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Care to dance: listening, watching, dancing and reflecting the practice of a community arts and health dance artist working with older people

Horne, Maxine (2016) Care to dance: listening, watching, dancing and reflecting the practice of a community arts and health dance artist working with older people. Doctoral thesis (PhD), Manchester Metropolitan University.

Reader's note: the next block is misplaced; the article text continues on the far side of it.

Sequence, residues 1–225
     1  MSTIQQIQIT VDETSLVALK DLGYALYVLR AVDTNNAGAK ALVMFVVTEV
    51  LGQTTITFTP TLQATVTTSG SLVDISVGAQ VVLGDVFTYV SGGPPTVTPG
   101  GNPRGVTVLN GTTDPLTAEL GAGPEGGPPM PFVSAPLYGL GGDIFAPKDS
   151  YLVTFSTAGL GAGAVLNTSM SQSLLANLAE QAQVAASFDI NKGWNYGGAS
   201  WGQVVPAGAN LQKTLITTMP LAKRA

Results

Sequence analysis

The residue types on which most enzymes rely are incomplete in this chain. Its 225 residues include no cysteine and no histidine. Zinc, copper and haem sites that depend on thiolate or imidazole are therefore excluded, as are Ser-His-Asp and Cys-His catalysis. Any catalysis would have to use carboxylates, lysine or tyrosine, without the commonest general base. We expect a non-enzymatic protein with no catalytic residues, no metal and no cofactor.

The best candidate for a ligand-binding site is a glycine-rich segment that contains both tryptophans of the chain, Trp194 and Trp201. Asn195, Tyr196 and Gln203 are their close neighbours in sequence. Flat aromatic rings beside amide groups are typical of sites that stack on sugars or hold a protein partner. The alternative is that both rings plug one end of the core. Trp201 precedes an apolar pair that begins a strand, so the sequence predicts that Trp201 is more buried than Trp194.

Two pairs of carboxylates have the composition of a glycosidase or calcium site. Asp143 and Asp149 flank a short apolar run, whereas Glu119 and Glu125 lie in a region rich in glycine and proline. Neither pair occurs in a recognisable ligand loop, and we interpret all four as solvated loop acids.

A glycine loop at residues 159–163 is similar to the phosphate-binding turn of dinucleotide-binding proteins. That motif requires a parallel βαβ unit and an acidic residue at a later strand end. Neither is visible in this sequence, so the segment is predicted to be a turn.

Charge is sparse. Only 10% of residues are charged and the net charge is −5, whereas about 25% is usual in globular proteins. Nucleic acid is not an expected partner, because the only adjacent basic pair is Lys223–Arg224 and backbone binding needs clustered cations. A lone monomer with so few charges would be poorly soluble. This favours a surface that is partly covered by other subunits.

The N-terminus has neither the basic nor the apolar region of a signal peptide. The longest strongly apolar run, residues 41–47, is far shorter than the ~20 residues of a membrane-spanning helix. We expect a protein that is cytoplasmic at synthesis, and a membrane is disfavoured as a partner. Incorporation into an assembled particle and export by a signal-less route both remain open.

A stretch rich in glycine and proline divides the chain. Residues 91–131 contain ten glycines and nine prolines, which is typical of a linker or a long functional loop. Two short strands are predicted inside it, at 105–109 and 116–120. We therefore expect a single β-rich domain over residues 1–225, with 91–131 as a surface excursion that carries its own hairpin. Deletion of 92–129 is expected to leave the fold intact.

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The focus of this thesis is community arts and health provision for older people. It presents an ethnography of two community dance for older people groups in North West England, UK. It explores the experience of being a participant in the groups, of facilitating the groups and, additionally, of researching with the groups. I acted as both the researcher and the dance artist facilitating the sessions. Much of the existing arts and health literature focuses on the outcome of an intervention. This thesis instead turns its attention to the processes of community arts, seeking to understand more about the mechanisms that might lead to the studied health and well-being outcomes. The data were collected over a period of 13 months and includes session plans, videos of sessions, recorded conversations with dancers (participants) and reflections of the dance artist/researcher in both text and movement. The findings chapters reflect the modality of collection: Listening to the dancers talk about the sessions, Watching video recordings of the sessions, Dancing a response to the sessions and the process of researching and Reflecting through writing on the process of being a researcher. Using thematic analysis, both the dancers’ and the dance artist’s experiences were interpreted through a framework highlighting the physical, psychological and dimensions of participation. The dance artist’s experience was additionally organised with respect to the session planning. The use of the creative movement as a thinking process further revealed that there is much in community dance that does not translate to text; bodily held knowledge and experiences do not transpose to language easily. My thesis contributes to the arts and health and gerontology literatures by revealing the care flowing between the participants and the artist in the sessions and the work required of all members of the group to facilitate that care. It also contributes methodologically through the richness uncovered by the multi-sensory methods employed.

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